verb (used with object), un·wove, un·wo·ven, un·weav·ing.
to undo, take apart, or separate (something woven); unravel.
You can debunk something, but why can’t you bunk something?
As readers, we recognize prefixes, like dis-, in-, non- and un-, as expressing negation. We immediately know that “unfair” means “not fair.” However, there are some clear exceptions to these rules. Such anomalies can cause confusion for a few reasons. For one, the prefix in- also literally means in, such as inquire, inclose, and insure. The word impromptu for instance comes directly from the Latin …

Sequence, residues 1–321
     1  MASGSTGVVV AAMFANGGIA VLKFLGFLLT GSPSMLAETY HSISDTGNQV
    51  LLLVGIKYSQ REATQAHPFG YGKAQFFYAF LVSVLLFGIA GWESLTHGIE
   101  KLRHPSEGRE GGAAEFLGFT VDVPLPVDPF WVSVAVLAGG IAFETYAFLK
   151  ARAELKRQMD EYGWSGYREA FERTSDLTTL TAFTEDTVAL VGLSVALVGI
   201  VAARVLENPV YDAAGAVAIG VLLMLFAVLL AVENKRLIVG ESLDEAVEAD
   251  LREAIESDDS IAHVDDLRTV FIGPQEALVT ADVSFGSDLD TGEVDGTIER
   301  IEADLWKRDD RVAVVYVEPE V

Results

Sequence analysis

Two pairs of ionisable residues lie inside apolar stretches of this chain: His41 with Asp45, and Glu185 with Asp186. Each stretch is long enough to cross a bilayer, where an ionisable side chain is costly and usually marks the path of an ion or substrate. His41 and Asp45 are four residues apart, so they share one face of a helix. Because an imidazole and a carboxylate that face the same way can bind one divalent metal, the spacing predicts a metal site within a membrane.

extricate, unravel, disentangle, unscramble, unwind, loosen, free, untangle, untwist, untwine, unsnarl, unbraid, explain, solve, disencumber, disembroil
Origin of unweave
Dictionary.com Unabridged Based on the Random House Unabridged Dictionary, © Random House, Inc. 2019
Examples from the Web for unweave
Historical Examples of unweave
Florence sunk into the chair shuddering; she had no strength to unweave the ominous wreath from her head.Fashion and Famine
Ann S. Stephens
It is to unweave a stuff, to draw out thread by thread, so as to separate the gold.